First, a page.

Method, we are aware, is an essential ingredient in every discourse designed for the instruction of mankind, but it ought never to force itself on the attention as an object apart; never appear to be an end, instead of an instrument, or beget a suspicion of the sentiments being introduced for the sake of the method, not the method for the sentiments. Let the experiment be tried on some of the best specimens of ancient eloquence; let an oration of Cicero or Demosthenes be sketched upon a Procrustes’ bed of this sort, and, if I am not greatly mistaken, the flame and enthusiasm which have excited admiration in all ages will instantly evaporate: yet no one perceives a want of method in these immortal compositions, nor can anything be conceived more remote from incoherent rhapsody.
Robert Hall: Discouragements and Supports of the Christian Minister.    
  Of the parliamentary eloquence of these celebrated rivals we can judge only by report; and, so judging, we should be inclined to think that, though Shaftesbury was a distinguished speaker, the superiority belongs to Halifax. Indeed, the readiness of Halifax in debate, the extent of his knowledge, the ingenuity of his reasoning, the liveliness of his expression, and the silver clearness and sweetness of his voice, seem to have made the strongest impression on his contemporaries. By Dryden he is described as
        “Of piercing wit and pregnant thought,
Endued by nature, and by learning taught
To move assemblies.”
His oratory is utterly and irretrievably lost to us, like that of Somers, of Bolingbroke, of Charles Townshend, of many others who were accustomed to rise amidst the breathless expectation of senates and to sit down amidst reiterated bursts of applause. But old men who lived to admire the eloquence of Pulteney in its meridian, and that of Pitt in its splendid dawn, still murmured that they had heard nothing like the great speeches of Lord Halifax on the Exclusion Bill. The power of Shaftesbury over large masses was unrivalled. Halifax was disqualified by his whole character, moral and intellectual, for the part of a demagogue. It was in small circles, and, above all, in the House of Lords, that his ascendency was felt.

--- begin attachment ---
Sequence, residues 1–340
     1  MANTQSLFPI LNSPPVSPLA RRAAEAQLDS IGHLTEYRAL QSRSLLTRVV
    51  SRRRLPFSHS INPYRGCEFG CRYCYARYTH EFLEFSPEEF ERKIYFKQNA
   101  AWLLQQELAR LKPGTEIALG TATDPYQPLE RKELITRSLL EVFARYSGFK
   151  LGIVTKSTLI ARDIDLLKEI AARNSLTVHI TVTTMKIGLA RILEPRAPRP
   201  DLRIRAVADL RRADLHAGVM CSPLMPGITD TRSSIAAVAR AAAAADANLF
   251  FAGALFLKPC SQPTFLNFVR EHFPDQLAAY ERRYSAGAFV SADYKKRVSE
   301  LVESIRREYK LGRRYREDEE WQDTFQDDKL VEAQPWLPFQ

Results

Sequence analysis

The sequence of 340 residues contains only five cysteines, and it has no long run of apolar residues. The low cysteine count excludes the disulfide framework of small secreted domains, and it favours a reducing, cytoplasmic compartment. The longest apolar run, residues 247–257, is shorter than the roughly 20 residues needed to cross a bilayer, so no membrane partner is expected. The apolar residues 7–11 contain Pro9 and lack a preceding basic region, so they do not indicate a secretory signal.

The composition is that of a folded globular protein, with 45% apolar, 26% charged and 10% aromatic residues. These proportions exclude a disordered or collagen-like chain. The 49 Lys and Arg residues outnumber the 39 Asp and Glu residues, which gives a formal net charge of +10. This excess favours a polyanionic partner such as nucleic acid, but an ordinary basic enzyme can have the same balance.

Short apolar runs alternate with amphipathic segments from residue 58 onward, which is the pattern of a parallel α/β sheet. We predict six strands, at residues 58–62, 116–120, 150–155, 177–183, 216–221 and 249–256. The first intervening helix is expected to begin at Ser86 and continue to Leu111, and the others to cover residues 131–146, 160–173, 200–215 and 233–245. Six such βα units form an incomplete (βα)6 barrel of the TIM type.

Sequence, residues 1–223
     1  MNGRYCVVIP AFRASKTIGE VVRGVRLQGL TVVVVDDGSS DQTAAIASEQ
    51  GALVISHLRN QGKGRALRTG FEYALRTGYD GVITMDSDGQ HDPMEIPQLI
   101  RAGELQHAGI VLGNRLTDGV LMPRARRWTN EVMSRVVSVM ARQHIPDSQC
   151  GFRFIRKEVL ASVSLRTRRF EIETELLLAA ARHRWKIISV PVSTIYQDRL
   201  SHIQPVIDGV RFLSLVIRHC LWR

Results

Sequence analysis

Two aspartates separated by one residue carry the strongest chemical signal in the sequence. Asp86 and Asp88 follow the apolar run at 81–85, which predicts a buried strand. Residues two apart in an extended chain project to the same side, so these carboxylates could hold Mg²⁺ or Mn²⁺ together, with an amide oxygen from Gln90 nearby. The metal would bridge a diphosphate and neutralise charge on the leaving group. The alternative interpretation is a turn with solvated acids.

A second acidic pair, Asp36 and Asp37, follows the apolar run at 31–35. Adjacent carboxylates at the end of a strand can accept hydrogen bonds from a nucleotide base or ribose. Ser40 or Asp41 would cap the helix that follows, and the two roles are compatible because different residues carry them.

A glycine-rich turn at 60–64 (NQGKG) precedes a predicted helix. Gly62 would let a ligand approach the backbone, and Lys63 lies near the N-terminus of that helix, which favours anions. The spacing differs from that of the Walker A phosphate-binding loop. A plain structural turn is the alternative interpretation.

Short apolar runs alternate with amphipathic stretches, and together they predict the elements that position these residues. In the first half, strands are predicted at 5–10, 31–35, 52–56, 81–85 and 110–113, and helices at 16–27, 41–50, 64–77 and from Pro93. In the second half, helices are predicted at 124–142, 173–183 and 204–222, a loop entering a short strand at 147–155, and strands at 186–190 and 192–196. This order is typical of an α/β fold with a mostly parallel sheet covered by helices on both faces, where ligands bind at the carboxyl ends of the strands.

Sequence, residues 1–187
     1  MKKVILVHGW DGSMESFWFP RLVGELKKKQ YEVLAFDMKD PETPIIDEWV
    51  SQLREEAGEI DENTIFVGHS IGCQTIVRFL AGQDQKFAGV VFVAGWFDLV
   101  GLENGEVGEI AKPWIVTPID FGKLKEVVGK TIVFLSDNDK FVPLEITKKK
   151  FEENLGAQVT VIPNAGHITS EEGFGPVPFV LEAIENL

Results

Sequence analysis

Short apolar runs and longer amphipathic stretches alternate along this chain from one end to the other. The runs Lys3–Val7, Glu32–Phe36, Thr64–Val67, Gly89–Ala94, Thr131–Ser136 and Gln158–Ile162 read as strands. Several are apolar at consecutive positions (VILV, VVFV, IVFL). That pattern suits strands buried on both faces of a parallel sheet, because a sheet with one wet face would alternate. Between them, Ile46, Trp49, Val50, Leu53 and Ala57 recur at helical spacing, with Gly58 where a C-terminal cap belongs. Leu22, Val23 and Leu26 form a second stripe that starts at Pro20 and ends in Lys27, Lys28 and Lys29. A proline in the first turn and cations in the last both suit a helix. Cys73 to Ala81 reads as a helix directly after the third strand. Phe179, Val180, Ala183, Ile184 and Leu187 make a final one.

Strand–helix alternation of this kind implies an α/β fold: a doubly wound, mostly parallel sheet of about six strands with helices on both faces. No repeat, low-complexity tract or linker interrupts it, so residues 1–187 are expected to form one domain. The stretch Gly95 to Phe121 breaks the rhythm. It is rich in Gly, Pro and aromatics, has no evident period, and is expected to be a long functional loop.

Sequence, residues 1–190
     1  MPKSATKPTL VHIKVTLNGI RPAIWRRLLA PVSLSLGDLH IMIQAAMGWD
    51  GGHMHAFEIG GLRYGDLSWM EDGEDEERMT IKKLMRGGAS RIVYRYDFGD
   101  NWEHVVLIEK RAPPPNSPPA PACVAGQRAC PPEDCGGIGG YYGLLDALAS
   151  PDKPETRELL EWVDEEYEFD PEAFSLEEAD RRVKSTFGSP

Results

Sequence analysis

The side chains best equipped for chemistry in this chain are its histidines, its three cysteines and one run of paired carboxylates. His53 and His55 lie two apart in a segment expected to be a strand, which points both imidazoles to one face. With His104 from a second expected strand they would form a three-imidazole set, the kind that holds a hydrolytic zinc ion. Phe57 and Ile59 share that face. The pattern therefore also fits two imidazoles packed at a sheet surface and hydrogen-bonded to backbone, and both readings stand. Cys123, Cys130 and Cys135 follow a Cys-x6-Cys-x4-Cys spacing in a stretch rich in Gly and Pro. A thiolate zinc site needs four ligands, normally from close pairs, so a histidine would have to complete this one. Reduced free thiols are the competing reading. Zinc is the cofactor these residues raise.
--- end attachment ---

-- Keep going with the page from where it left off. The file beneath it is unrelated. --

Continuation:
Lord Thomas Babington Macaulay: Sir William Temple, Oct. 1838.    
  In whom does it not enkindle passion? Its matchless excellence is applicable everywhere, in all classes of life. The rich and the poor experience the effects of its magic influence. It excites the soldier to the charge and animates him to the conflict. The miser it teaches to weep over his error, and to despise the degrading betrayer of his peace. It convicts the infidel of his depravity, dispels the cloud that obscures his mind, and leaves it pure and elevated. The guilty are living monuments of its exertion, and the innocent hail it as the vindicator of their violated rights and the preserver of their sacred reputation. How often in the courts of justice does the criminal behold his arms unshackled, his character freed from suspicion, and his future left open before him with all its hopes of honours, station, and dignity! And how often, in the halls of legislation, does Eloquence unmask corruption, expose intrigue, and overthrow tyranny! In the cause of mercy it is omnipotent. It is bold in the consciousness of its superiority, fearless and unyielding in the purity of its motives. All opposition it destroys; all power it defies.
Henry Melvill.    
  That besotting intoxication which verbal magic brings upon the mind.
Robert South.    
  Great is the power of eloquence; but never is it so great as when it pleads along with nature, and the culprit is a child strayed from his duty, and returned to it again with tears.  13
  It [eloquence] comes, if it come at all, like the outbreaking of a fountain from the earth.
Daniel Webster.    
  Elocution, in order to be perfect, must convey the meaning clearly, forcibly, and agreeably.
Richard Whately.